- Reader Joseph A. Kurtz.
On July 21, when oil was trading at some $125 a barrel and in an apparent freefall, I issued a scaled "Buy" on Chevron Corp. (NYSE: CVX). I based this call on the stock's ultra-low valuation and the company's business model, which would enable it to keep posting strong profits even at lower margins. Despite the huge market sell-off – and a whipsaw market for oil that saw prices fall to as low as $90 a barrel before rebounding recently – Chevron's stock has outperformed both the broader stock market and its oil-sector peers. At Friday's closing price of $86.95, Chevron's shares already are up 2.0% from that July 23 recommendation.
With the much-needed opening of offshore drilling in the continental United States, Chevron is positioned uniquely to thrive – as are its shareholders. As I noted back in July, it wasn't "a question of if, but when" to invest in Chevron.
I bring this analysis to your attention in light of a reader's question about Suncor Energy Inc. (NYSE: SU), where similar investment logic applies, despite major differences in the companies and in the risk-reward equations of their shares.
Suncor Energy has risen as high as $74.28 earlier this year, before falling to its three-year strong-resistance level of about $39 a share recently (the shares closed Friday at $45.37, down $1.82, or 3.86%, each).
The company disappointed investors in the first half and guided production lower for the second half, telling investors that it faced a much-harsher winter, as well as some operational problems that were subsequently remedied. A new problem – an issue with a processing unit will not affect production, but will lower the product mix quality for a few weeks – only added to investor wariness.
Take these company-specific problems, and add in the panicky markets, the massive liquidation of commodity and commodity-related positions by investment and commercial banks due to their own financial problems, and the impact of that generalized financial stress on global growth expectations, and you can see that Suncor's stock appears to be heavily distressed relative to the company'sunderlying fundamentals.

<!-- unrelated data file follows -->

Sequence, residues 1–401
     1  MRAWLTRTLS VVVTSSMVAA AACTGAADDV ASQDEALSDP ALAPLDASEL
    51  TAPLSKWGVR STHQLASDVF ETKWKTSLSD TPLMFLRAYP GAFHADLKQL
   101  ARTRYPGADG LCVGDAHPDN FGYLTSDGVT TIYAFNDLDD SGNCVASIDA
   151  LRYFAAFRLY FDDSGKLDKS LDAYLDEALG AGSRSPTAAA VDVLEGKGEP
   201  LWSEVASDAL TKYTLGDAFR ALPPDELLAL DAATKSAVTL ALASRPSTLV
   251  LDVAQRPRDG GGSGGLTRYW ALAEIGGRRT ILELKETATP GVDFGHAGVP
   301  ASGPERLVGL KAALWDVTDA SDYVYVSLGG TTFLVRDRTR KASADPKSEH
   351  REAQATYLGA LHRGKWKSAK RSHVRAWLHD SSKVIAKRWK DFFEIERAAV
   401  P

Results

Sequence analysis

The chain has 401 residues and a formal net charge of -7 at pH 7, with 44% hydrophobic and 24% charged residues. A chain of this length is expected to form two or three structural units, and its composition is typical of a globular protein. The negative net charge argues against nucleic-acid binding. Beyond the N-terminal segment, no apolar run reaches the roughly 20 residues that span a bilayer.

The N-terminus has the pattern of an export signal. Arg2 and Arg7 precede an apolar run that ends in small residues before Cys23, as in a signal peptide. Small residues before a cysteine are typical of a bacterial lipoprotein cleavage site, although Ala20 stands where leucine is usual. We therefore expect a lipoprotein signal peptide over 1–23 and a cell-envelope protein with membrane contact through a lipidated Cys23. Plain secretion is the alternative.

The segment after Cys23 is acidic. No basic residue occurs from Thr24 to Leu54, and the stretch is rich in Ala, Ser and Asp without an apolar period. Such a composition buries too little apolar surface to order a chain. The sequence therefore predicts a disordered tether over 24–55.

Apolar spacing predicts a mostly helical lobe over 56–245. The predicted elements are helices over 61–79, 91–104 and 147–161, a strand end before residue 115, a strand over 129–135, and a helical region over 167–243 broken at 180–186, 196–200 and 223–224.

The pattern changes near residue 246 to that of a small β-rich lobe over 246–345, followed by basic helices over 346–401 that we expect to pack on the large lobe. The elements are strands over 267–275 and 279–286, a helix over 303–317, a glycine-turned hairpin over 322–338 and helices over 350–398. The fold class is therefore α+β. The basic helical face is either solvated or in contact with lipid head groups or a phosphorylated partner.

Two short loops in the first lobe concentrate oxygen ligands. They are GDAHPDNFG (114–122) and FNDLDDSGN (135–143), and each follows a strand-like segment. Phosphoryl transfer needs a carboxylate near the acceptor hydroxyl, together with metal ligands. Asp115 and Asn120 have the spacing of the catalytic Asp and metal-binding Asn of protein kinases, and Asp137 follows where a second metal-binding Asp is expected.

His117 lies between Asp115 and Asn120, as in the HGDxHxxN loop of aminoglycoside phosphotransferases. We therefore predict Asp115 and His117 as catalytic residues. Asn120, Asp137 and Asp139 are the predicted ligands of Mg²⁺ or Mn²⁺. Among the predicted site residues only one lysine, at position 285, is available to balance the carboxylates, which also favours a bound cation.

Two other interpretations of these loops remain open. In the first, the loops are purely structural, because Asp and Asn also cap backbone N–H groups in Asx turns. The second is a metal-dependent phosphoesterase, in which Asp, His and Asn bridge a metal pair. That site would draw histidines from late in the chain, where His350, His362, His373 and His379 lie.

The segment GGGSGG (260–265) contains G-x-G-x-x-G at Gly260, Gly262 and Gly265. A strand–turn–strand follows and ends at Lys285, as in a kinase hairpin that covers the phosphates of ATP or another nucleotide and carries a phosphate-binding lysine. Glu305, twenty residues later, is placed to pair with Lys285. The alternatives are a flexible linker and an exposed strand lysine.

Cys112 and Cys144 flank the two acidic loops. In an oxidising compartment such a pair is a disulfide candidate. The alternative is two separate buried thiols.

Suncor is a riskier – yet potentially much more profitable – stock play than Chevron. Suncor Energy is a pioneer in that it is the second-largest operation exploiting the oil sands in Northern Alberta, Canada. The Athabasca Oil Sands is the world's largest petroleum resource, with some 175 billion barrels of crude-oil reserves. That operation poses major challenges because of the harsh winters, the terrain, unpredictable contents of sulfur, and the fact that major scale extraction of the bitumen mineral and later extraction of oil demands technologies that are relatively new and in constant development. To these factors, add in the recent major volatility in the price of oil and you get the picture: Suncor represents an extremely promising stock with a huge potential upside – albeit one that's subject to the unpredictable vagaries of both the oil markets and the Canadian climate and some operational challenges.
What about the upside? We should see major production increases and a lower cost of production per barrel. Suncor has just launched a major expansion in its production capacity. Sitting on a 9 billion barrel reservoir, the company is about $7 billion into its $20.6 billion expansion/modernization project, and will be investing between $7 billion and $8 billion a year in 2009 and 2010. By 2012, Suncor will have boosted production from the current level of 300,000 barrels a day (and 350,000 barrels a day in the year's second half) to some 500,000 barrels a day. As production ramps up, the company's average cost per barrel will drop significantly – from the current cash cost of $30 to $31 to as little as $27.